No-deal vote as UK MPs decide on future of Brexit – CNN International
Scotland is a land of Remainers.
Every single council area in the country voted to stay in the European Union back in 2016.
In Edinburgh, the capital city, Remain took a mighty 74% of the vote.
Little wonder then that Edinburgh locals say they feel ignored.
Ian McLaughlan, the chief executive of charity Youth Scotland, says young people here feel disenfranchised and, increasingly, they’re not alone.
“Many people in society feel so disengaged from Brexit, so disillusioned,” he said. “Here we are with two weeks to go and we still don’t know what the final outcome is going to be, so there is a real frustration building up in the country.”
There are increasingly calls for a second referendum, an idea that everyone CNN has spoken with in Edinburgh is either open to, or actively calling for.
Rebecca McKay, a student, said a second vote is necessary because no one fully understood what Brexit would mean in the first referendum.
“They should have been more informative to people around here,” she said, adding, “it needs to be a wee bit more in depth next time around.”
Scotland is no stranger to divisive referendums. In 2014 they held their first vote on independence from the UK. Scotland voted to stay in the union by 55%.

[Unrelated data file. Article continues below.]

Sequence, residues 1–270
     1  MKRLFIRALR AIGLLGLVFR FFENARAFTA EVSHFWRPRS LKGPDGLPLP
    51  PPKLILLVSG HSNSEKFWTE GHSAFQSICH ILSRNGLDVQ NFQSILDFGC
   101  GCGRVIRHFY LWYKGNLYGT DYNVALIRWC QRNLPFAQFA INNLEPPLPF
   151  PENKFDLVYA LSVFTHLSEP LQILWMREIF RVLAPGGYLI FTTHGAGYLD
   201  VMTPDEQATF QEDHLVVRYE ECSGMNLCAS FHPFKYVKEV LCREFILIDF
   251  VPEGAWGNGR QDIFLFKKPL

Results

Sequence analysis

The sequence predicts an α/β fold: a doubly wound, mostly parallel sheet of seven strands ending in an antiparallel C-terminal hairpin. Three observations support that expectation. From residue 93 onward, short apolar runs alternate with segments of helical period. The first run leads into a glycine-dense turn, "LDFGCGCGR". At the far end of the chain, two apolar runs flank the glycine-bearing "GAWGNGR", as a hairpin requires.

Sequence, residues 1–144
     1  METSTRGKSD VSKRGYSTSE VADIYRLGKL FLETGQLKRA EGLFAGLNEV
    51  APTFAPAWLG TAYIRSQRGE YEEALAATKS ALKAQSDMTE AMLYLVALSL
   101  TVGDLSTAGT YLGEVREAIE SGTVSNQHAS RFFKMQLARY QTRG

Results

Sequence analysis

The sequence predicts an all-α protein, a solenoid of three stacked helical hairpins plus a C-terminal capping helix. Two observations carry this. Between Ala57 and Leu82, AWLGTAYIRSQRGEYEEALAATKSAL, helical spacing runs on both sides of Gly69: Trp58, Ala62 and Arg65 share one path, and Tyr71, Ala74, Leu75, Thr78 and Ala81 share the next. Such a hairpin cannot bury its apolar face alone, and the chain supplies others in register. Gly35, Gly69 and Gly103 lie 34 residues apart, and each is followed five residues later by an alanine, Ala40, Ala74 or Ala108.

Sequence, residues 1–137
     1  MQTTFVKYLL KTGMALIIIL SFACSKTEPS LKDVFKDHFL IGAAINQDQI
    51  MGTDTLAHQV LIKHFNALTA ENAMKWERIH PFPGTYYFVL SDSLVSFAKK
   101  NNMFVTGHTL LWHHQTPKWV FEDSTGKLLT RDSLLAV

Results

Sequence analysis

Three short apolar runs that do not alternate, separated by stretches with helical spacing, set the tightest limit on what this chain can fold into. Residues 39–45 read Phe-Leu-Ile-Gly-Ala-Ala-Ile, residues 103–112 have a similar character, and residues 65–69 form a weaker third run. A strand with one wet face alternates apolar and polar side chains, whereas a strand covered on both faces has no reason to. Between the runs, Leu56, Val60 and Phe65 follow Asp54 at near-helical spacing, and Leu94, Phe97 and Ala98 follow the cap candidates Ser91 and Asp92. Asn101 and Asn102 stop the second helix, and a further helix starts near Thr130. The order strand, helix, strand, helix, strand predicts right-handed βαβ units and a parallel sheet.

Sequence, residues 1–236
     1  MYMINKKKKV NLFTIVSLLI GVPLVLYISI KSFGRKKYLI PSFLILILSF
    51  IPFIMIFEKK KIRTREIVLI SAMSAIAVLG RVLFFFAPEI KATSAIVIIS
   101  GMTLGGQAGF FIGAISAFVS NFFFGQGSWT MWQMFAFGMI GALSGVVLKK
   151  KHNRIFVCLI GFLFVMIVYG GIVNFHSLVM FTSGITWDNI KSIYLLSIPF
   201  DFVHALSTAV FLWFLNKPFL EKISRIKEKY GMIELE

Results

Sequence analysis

The current political quagmire in Westminster, and the fact that Scotland voted overwhelmingly to stay in the EU, means some SNP activists are calling for another vote on independence.
Tuesday’s defeat was seized upon by Scotland’s First Minister Nicola Sturgeon, who said it “demonstrates more clearly than ever that the case for Scotland becoming an independent country has never been stronger.”
Of course any future Scottish independence vote would require the sanctioning of Westminster, and is unlikely to be be called for until after the next Scottish elections in 2021.
The Scots may be happy, in the meantime, with a second Brexit referendum, at the very least.